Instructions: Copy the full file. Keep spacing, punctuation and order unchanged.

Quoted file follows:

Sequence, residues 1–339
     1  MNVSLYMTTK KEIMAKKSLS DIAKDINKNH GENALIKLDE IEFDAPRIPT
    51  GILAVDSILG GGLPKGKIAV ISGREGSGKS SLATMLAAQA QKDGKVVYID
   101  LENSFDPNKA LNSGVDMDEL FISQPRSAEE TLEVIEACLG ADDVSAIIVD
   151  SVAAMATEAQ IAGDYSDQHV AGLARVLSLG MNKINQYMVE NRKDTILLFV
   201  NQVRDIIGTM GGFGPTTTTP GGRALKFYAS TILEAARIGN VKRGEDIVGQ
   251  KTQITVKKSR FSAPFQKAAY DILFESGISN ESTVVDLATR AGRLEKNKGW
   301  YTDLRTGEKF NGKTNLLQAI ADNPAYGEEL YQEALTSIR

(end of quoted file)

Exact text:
Sequence, residues 1–339
     1  MNVSLYMTTK KEIMAKKSLS DIAKDINKNH GENALIKLDE IEFDAPRIPT
    51  GILAVDSILG GGLPKGKIAV ISGREGSGKS SLATMLAAQA QKDGKVVYID
   101  LENSFDPNKA LNSGVDMDEL FISQPRSAEE TLEVIEACLG ADDVSAIIVD
   151  SVAAMATEAQ IAGDYSDQHV AGLARVLSLG MNKINQYMVE NRKDTILLFV
   201  NQVRDIIGTM GGFGPTTTTP GGRALKFYAS TILEAARIGN VKRGEDIVGQ
   251  KTQITVKKSR FSAPFQKAAY DILFESGISN ESTVVDLATR AGRLEKNKGW
   301  YTDLRTGEKF NGKTNLLQAI ADNPAYGEEL YQEALTSIR